High School

God is Not Deaf After All

2008 – San Lorenzo Ruiz Academy of Polomolok, Junior Year

My usual days as a junior in high school mostly comprised of excitement for extracurricular activities to happen and dreading Chemistry. This was also the year braces conquered my overlapping teeth.

I remember how bad I was at the subject that one of the most memorable memories of this year was me getting my one and only grade of 76 in my entire history of going to school. After the distribution of our report cards and upon seeing our grades, my best friends and I sat on the floor, outside the classroom, right along the corridor. Next thing I knew, we were bawling our hearts out for fear of getting serious reprimanding from our parents and from disappointment as well. Our grades were in ascending order. Jas (my ex-best friend) got 75, I, 76, and Zyra (my bff) got the highest at 77. Nonetheless, we were crying until we realized how ridiculous the three of us looked. Guess, we reaped what we sowed after all those times we slept in Ms. Kathy’s Chemistry class.

In case you’re wondering, things did get better for the three of us in Chemistry when finals approached. And while we were on the road to achieving this, I also became led to another path to betterment. You see, God actually heard me.

One morning before I went to school, I got a call from my grandmother, who was then a high school principal at Irineo L. Santiago National High School in General Santos City. Now, I’m not going to prolong the suspense any longer – she got hold of an exchange student scholarship and was in the process of faxing the Department of Education’s memorandum and the scholarship application form to our school principal. There were no words to describe how I felt that time. Having access to that application form already made me feel like I just won the lottery.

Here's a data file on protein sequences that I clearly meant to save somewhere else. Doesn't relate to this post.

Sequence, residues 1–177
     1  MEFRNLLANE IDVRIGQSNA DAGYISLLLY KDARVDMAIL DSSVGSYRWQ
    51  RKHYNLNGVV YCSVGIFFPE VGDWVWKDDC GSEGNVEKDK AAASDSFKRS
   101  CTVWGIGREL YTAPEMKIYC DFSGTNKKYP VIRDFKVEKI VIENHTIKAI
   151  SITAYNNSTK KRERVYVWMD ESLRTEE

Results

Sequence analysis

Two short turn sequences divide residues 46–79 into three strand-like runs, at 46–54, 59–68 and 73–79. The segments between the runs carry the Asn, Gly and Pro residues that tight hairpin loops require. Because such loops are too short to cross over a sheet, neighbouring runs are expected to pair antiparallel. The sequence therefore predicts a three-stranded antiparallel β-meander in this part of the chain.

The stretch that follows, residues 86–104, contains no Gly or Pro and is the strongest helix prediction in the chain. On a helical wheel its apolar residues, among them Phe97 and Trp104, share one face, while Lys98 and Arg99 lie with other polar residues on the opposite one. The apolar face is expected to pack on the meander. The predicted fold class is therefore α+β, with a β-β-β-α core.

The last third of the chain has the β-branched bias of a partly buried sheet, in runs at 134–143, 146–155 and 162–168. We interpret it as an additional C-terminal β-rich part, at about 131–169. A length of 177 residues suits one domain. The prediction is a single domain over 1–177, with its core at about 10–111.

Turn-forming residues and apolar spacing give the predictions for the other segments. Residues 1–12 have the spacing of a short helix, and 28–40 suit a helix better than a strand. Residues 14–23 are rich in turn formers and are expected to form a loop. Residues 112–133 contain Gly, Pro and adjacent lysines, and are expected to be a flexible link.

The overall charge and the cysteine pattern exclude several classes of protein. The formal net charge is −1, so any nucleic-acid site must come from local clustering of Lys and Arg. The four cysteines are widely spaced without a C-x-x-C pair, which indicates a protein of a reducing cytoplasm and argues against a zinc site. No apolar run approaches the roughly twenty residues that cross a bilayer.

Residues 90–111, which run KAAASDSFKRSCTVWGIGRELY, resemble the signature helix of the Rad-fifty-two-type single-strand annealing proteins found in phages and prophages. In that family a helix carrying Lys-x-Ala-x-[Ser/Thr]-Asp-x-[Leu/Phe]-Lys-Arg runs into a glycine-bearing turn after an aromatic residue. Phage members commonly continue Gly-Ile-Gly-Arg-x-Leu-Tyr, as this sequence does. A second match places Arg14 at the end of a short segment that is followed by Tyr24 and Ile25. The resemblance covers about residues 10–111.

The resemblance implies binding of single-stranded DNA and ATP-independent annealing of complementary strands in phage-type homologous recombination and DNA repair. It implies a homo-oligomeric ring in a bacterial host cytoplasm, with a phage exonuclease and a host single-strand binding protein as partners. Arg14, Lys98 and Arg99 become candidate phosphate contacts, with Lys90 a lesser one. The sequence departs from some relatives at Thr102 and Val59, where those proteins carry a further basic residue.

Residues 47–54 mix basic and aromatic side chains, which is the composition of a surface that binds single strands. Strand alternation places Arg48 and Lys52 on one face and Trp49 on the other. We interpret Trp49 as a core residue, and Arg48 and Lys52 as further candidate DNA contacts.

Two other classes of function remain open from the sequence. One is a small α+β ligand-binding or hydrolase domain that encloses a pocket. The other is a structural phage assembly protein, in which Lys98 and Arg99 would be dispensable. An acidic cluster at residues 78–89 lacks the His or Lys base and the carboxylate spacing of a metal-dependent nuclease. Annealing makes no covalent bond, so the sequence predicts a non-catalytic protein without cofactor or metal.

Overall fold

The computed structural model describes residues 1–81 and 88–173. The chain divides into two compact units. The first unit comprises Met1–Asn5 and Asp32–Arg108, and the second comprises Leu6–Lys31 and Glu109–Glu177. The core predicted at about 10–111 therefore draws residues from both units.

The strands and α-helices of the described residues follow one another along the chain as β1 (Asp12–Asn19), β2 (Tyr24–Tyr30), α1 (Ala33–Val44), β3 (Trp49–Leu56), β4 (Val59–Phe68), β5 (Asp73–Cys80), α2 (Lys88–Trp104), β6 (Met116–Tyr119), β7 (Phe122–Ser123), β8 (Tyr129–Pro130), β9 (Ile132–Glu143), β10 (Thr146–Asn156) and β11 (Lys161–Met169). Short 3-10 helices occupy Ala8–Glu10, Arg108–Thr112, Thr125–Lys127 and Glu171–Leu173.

Of course, what happened next was that I applied. Oh and by the way, it took me a week to finish it because I knew there and then that every thing had to be perfect – from answers to every question to showing off leadership roles and achievements down to my handwriting. I even had my essay checked by our school publication’s adviser to make sure that I answered the question and I had no technical errors. All of it just had to be flawless.

After a few days, I was informed that I qualified for the division screening at the DepEd Division Office in Koronadal City. I remember being there with only one other applicant who had a stellar list of achievements and extracurricular activities on her form (yes, I peeked when she wasn’t looking). Mine only had a humble amount including the one I made up (I lied about having a role in the Red Cross Youth organization at school and I can’t even stand the sight of blood in the first place). The assigned coordinator praised both our applications as she endorsed us to the Division Superintendent. Man, I had a good feeling about my application mostly because the coordinator flattered me before asking me if I printed out my application because the penmanship was too nice to actually be hand-written.

The two of us, being the only applicants, obviously passed the screening process. Before the regional screening took place, the other student who applied apparently backed out because her parents suddenly didn’t permit her to, so I was on my own.

Next stop, Cotabato City (and more missed classes in Chemistry)!


From the left: Zyra (bff), Jas (ex-bff), and me (brace-face). This is the three of us just trying to survive Chemistry.


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